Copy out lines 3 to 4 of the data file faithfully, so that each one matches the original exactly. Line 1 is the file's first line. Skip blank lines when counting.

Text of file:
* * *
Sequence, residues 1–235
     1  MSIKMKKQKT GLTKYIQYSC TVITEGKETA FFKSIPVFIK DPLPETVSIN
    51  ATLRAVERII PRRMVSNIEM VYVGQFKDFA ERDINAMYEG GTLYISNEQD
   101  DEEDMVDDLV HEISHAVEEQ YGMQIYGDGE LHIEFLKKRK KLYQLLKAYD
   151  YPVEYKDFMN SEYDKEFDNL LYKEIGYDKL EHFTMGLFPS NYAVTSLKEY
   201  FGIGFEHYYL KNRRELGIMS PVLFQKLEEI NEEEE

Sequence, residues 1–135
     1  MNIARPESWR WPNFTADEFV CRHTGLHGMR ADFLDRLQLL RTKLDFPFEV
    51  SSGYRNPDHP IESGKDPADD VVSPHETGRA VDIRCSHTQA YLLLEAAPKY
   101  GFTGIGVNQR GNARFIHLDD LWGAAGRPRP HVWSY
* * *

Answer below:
    51  ATLRAVERII PRRMVSNIEM VYVGQFKDFA ERDINAMYEG GTLYISNEQD
   101  DEEDMVDDLV HEISHAVEEQ YGMQIYGDGE LHIEFLKKRK KLYQLLKAYD